Type 1 diabetes mellitus and Down's syndrome: prevalence, management and diabetic complications

Diabet Med. 1998 Feb;15(2):160-3. doi: 10.1002/(SICI)1096-9136(199802)15:2<160::AID-DIA537>3.0.CO;2-J.


Type 1 insulin-dependent, diabetes mellitus (Type 1 DM) is thought to be more prevalent in individuals with Down's syndrome. To ascertain the local prevalence of Type 1 DM in patients with Down's syndrome in a geographically defined area, the four diabetes clinics in Lothian were surveyed and 13 patients with Down's syndrome and Type 1 DM were identified. Using data from previous epidemiological surveys which determined the prevalence of Down's syndrome in the general population, the prevalence rate of Type 1 DM in patients with Down's syndrome was calculated to be between 1.4 and 10.6%, a prevalence considerably higher than in the general population. Although 7 (54%) of the Down's syndrome patients were treated with once daily administration of insulin, the mean HbA1c value of the group was similar to that observed in a control group of 39 age-, sex- and duration-matched Type 1 patients, all of whom were taking two or more injections of insulin daily. Glycaemic control was therefore of similar quality to matched Type 1 patients without Down's syndrome, despite the frequent use of simple insulin regimens, which may relate to the more stable lifestyle of these patients.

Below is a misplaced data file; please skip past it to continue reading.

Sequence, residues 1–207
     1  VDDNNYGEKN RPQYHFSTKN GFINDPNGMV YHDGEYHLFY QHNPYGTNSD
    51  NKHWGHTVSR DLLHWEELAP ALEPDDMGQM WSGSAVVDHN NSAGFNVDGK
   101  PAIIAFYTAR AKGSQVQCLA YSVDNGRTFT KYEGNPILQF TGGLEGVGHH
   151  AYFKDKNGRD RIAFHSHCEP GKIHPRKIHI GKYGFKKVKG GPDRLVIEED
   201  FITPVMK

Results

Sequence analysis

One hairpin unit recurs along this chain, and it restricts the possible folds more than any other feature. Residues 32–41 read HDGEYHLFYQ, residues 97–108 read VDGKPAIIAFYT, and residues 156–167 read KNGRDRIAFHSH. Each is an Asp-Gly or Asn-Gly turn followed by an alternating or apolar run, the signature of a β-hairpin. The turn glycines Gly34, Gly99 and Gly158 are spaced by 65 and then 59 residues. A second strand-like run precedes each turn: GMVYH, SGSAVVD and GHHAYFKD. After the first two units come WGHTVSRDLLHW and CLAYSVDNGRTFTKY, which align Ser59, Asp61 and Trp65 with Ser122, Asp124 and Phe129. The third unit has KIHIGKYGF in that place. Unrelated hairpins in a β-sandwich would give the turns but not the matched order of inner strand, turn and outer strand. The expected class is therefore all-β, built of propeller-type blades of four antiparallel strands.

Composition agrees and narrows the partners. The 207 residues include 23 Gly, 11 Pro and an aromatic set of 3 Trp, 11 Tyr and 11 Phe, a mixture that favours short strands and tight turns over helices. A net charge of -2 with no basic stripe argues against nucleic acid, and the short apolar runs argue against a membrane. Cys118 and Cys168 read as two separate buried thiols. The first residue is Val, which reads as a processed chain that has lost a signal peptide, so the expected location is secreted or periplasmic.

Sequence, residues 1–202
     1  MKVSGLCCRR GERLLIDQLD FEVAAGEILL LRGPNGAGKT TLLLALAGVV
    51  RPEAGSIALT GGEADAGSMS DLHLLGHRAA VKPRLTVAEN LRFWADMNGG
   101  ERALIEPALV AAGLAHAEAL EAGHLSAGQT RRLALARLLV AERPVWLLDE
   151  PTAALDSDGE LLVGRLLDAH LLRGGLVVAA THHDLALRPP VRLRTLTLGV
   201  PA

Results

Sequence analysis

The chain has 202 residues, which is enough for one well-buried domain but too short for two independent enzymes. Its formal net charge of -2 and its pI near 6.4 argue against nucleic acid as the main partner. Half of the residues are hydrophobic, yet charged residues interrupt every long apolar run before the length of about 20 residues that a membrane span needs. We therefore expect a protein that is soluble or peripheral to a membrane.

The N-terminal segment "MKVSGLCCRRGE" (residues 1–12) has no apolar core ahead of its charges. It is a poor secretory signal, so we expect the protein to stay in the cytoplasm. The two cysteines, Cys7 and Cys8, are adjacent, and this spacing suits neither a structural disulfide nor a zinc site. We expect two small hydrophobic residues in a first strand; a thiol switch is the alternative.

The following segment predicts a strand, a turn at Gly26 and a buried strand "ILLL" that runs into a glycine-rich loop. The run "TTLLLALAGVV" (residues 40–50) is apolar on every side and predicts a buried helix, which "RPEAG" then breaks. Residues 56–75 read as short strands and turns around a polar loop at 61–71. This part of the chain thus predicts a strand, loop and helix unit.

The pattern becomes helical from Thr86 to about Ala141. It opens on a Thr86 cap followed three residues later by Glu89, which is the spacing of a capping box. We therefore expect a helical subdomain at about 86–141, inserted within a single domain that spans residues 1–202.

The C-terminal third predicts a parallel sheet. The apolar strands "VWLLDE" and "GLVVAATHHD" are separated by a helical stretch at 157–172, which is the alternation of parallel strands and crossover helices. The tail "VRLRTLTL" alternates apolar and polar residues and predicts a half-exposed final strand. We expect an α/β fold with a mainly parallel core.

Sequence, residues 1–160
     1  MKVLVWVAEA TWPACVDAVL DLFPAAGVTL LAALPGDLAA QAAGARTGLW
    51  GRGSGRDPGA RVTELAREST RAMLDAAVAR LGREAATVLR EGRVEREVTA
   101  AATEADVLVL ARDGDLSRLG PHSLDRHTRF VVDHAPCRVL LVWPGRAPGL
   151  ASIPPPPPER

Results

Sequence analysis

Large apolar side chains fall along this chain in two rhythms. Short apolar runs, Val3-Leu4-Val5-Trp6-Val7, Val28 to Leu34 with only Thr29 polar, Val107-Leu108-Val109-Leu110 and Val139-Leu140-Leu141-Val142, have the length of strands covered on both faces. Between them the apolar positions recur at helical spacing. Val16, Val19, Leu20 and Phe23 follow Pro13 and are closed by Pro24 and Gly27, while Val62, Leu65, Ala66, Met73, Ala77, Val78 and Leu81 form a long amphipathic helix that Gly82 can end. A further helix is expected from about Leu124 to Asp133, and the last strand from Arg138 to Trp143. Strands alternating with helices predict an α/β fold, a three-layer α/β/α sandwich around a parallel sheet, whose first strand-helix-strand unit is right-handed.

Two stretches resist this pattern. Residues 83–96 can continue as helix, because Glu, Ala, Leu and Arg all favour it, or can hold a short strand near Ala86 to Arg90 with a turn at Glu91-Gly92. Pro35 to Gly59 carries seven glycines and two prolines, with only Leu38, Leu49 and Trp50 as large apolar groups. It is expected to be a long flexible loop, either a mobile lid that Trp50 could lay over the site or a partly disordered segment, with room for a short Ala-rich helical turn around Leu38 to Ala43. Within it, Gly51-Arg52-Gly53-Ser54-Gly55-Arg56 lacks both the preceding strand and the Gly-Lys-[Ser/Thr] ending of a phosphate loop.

Publication types

  • Comparative Study

MeSH terms

  • Adult
  • Age of Onset
  • Blood Pressure
  • Cholesterol / blood
  • Diabetes Mellitus, Type 1 / complications*
  • Diabetes Mellitus, Type 1 / drug therapy
  • Diabetes Mellitus, Type 1 / epidemiology*
  • Down Syndrome / complications*
  • Down Syndrome / epidemiology
  • Female
  • Glycated Hemoglobin A / analysis
  • Humans
  • Hypoglycemic Agents / therapeutic use
  • Insulin / therapeutic use
  • Male
  • Middle Aged
  • Prevalence
  • Scotland / epidemiology
  • Triglycerides / blood


  • Glycated Hemoglobin A
  • Hypoglycemic Agents
  • Insulin
  • Triglycerides
  • Cholesterol